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Educational Resource Library

Welcome to the Hazon resource library

This collection includes educational materials produced by Hazon as well as over one hundred curricula developed by the participants in Hazon's JOFEE Fellows program.

Use the filters in the bar below to narrow your search.

TEVA Bingo

by Miki Levran
Pearlstone Center
Discussing the four elements - earth, air, water and sun - participants gained a greater understanding of the world they live in. This is a tool to help introduce the days ahead allowing the participants to get excited for what's to come, to be more engaged during the field trip, to connect to nature in their own way.

The Three Sisters in Kehilla: The Power of Teamwork

by Anika Rice
Urban Adamah
This lesson makes a connection between how both plants and people live in community. On the farm, plants and other organisms are giving and receiving help from one another all of the time. This is reciprocity. Companion planting is the technique of sowing two crops together for a specific purpose, often pest control, space use or yield maximization. Native Americans have been planting the Three Sisters (corn, beans and squash) in one plot for generations. Not only does this trio help each other grow and use nutrients efficiently, but they have higher yields when planted together, and form a nutritious diet. People also need each other: to learn, to pray and to live a spiritual life. When we work in chevruta (learning partners) or are part of a minyan (prayer group), everyone involved can benefit from the group. We are individuals, but our communities are greater than the sum of their parts.

The ECO Passover connection

by Mira Minyuk
Pearlstone Center
This program connects children to the modern day issues of environmental plagues through an in depth look at text describing the plagues in the passover story, while also getting to appreciate the wonder of animals in a healthy eco-system through observation and touch. We will also touch on the subject of Matzah by discussing the significance of eating a bread that does not rise while making our own pita.

Throwing Stones or Throwing Flowers: Exploring Our Relationship with the Public Domain

by Shani Mink
Pearlstone Center
This program presents students with the opportunity to delve deeply into the hidden messages of verse 50b of the Bava Kama (the stones text). Through text study, discussion and a hands-on activity, students will explore their relationship with the public domain. After investigating the myriad ways in which we might violate the public domain, students will actively nurture the public domain through shared intentions for community prosperity hidden inside a seed ball or planted beneath a tree.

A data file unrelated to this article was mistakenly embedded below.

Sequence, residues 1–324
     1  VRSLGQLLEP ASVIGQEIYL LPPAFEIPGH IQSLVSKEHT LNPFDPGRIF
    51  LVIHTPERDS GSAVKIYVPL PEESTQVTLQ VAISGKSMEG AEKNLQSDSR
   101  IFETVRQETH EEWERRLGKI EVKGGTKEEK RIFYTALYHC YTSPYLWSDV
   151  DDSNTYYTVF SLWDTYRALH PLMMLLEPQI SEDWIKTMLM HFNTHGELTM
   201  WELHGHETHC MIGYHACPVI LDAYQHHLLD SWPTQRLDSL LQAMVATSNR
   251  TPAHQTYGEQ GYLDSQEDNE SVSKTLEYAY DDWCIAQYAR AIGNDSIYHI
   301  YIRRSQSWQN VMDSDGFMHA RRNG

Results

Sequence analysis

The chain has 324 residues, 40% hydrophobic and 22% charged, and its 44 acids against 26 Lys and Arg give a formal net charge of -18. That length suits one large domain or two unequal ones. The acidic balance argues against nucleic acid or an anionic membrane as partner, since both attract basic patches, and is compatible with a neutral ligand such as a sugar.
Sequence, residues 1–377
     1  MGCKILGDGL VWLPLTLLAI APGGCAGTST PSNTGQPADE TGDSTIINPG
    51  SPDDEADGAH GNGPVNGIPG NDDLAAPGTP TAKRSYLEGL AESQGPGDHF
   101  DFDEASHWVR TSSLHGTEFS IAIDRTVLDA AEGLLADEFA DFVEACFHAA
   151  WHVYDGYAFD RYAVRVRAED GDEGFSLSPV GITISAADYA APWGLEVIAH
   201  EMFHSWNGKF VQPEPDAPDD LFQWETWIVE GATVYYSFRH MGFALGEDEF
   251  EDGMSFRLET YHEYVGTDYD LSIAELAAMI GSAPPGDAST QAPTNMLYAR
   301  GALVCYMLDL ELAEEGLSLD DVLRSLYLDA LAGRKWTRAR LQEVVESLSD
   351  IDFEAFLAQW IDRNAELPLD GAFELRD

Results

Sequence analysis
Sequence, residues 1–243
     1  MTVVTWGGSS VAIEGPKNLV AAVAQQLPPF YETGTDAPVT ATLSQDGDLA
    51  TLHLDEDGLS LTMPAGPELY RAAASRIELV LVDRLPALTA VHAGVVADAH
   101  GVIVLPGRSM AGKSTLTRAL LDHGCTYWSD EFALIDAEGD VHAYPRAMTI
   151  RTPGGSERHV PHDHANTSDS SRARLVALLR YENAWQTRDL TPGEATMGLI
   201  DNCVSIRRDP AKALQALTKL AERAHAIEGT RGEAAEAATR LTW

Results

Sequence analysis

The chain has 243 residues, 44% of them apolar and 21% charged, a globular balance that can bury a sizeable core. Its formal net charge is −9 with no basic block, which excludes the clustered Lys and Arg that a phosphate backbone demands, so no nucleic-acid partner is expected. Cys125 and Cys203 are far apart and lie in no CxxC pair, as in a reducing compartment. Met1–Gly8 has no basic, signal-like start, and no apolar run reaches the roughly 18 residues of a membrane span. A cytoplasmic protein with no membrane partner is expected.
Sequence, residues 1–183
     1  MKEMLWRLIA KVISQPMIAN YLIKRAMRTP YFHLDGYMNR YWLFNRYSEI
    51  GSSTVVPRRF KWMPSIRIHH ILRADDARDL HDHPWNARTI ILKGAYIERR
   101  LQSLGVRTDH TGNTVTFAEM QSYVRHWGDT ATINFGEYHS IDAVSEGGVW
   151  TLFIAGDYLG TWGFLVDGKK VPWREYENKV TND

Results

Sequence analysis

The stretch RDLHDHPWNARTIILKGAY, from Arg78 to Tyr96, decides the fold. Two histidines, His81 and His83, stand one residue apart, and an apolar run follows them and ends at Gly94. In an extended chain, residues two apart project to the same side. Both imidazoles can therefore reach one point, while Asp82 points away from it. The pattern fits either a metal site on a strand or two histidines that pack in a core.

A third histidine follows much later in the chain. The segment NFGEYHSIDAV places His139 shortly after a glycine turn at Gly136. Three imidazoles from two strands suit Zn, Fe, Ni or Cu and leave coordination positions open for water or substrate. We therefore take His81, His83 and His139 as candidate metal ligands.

Sukkot Harvest Festival DC

by Amanda Herring (OneTable), Mollie Sharfman (GatherDC), Elizabeth Heyman (Jews United for Justice)
Pearlstone Center
Experience Sukkot as a celebration of the seasonal harvest while in an urban setting! Join us on an urban farm in downtown D.C. to celebrate the season's bounty with hands-on workshops and a farm-to-Sukkah feast grounded in the themes of the agricultural harvest festival. We invite you to end your week by taking a pause from the busyness of the city to connect with nature and eat from the harvest at Common Good City Farm. From a pickling lesson to tasting local seasonal ciders, we will come together and celebrate abundance both on the farm and in our lives.
Age(s):

Stone Wall

by Eli Goldstein
Bridgewater JCC
This program is a physically active introduction to The Stones text from the Talmud Bavli, Masekbet Bava Kama, which raises many questions about land, responsibility, and ownership using text and soccer cones.
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Staff Training Sessions on Group Management, Questioning Strategies, and Blending Jewish and Scientific Learning

by Bailey Lininger
Tamarack Camps
These staff training sessions focus on essential skills for the educators that work at Tamarack Camps during our Outdoor Education seasons: facilitating meaningful discussions with students, and managing groups of a variety of sizes, especially large groups (which we consider to be over 30).